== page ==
Home Office outsourcing immigration operations ‘on the cheap’ due to funding shortages and lack of ministerial interest, says chief inspector

Pretty damning indictment of poor political and bureaucratic management:

The Home Office has been outsourcing immigration operations “on the cheap” because of funding shortages and a lack of interest from ministers, the government’s own chief inspector of borders has admitted.

David Bolt, who provides independent scrutiny of the UK’s border and immigration management, told The Independent that in order to “manage its capacity”, the Home Office had made subcontracting part of its “modus operandi” – and as a consequence had reduced control over its own operations.

He questioned whether there was “sufficient visibility” around the way the department had increasingly placed the onus on external agencies, such as landlords and doctors, to carry out immigration checks, and around the manner in which immigration detention, visa processing and other provisions had been outsourced to private firms.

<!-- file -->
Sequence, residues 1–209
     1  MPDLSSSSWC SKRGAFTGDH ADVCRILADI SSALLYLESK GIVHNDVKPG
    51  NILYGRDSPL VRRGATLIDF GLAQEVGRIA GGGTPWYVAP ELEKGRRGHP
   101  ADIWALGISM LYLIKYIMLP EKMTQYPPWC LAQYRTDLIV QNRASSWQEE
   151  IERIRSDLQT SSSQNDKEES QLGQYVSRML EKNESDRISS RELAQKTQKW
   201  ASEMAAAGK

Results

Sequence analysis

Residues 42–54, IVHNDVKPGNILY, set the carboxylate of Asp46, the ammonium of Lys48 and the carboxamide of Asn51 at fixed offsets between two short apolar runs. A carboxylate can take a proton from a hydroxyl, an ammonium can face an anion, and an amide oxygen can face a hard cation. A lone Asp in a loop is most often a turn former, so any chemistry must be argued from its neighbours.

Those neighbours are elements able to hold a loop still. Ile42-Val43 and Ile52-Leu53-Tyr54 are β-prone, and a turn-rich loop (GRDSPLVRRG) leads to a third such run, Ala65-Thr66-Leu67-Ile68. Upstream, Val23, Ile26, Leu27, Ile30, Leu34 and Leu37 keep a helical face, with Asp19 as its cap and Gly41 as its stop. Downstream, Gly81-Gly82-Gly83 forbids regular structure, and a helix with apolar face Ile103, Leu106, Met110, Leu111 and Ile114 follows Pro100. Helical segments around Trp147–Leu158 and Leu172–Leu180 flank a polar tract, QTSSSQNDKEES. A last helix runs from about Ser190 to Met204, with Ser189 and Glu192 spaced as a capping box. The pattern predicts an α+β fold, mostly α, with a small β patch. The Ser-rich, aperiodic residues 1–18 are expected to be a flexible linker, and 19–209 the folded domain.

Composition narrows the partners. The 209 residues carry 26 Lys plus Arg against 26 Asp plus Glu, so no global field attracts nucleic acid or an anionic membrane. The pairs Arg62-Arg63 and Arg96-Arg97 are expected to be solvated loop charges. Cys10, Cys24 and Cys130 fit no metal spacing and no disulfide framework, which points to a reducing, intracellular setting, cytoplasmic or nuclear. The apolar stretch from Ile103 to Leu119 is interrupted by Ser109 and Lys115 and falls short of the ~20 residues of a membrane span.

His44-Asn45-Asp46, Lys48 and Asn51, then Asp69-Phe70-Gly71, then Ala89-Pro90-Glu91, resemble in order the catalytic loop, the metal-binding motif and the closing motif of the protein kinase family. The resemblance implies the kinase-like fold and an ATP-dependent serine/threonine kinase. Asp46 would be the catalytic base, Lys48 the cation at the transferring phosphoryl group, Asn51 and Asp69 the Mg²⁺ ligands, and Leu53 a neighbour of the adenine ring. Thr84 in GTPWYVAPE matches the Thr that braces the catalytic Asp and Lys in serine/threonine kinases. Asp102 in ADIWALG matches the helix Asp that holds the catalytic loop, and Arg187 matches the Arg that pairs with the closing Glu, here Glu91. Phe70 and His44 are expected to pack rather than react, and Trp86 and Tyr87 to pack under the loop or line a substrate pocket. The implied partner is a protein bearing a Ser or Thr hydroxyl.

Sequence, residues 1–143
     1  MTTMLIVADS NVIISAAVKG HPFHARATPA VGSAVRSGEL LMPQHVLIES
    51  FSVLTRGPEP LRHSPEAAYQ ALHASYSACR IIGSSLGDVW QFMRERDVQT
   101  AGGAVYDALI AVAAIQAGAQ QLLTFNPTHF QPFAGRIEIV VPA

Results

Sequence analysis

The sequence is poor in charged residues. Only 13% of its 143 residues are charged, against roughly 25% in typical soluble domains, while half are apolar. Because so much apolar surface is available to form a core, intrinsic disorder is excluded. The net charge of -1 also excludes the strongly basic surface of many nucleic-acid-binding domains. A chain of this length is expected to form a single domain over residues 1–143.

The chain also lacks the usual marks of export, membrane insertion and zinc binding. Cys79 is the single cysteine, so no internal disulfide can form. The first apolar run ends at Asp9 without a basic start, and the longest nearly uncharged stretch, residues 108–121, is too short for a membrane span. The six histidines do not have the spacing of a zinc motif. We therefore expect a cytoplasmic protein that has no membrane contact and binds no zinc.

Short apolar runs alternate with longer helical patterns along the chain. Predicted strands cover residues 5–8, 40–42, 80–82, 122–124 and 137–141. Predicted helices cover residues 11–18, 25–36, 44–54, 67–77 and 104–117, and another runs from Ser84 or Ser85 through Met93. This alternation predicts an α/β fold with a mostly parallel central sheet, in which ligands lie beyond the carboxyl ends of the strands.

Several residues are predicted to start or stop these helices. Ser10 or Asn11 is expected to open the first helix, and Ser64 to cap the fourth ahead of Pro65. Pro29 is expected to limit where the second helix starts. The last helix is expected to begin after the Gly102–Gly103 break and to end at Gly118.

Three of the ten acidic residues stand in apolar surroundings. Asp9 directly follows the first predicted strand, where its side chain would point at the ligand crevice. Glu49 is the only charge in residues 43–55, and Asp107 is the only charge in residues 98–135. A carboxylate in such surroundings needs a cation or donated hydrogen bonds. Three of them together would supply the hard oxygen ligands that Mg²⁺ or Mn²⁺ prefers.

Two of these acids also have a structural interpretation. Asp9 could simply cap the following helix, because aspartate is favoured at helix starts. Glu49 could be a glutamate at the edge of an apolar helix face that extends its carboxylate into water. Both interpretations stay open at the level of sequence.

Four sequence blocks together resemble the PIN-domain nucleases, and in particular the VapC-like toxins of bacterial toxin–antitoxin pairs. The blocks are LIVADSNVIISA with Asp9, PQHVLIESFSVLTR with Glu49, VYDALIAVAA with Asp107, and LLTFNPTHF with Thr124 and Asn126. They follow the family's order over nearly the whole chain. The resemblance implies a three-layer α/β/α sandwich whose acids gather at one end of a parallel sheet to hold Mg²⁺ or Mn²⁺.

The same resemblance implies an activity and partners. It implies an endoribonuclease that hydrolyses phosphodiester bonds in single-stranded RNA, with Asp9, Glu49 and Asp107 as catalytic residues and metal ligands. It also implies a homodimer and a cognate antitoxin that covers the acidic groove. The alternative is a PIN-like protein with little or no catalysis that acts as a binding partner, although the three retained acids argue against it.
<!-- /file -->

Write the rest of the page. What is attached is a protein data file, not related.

The department has come under fire over the past year for wrongly treating those with a right to live in the UK as illegal immigrants under its hostile environment policies – an issue encapsulated by the Windrush scandal – and has been accused of creating barriers to applying for UK status through its decision to privatise the visa system.

The chief inspector said that while Home Office processes that had adequate funding and “enthusiasm” from ministers were working well, such as the EU settlement scheme, other operations were not being so effectively executed.

“The EU settlement is working better as a process,” he said. “You’ve got senior ministerial interest; you’ve got funding; the Home Office was essentially able to design the system to suit itself; you’ve got enthusiasm around delivery; you’ve got a clear target – all of those are ingredients that will make something work.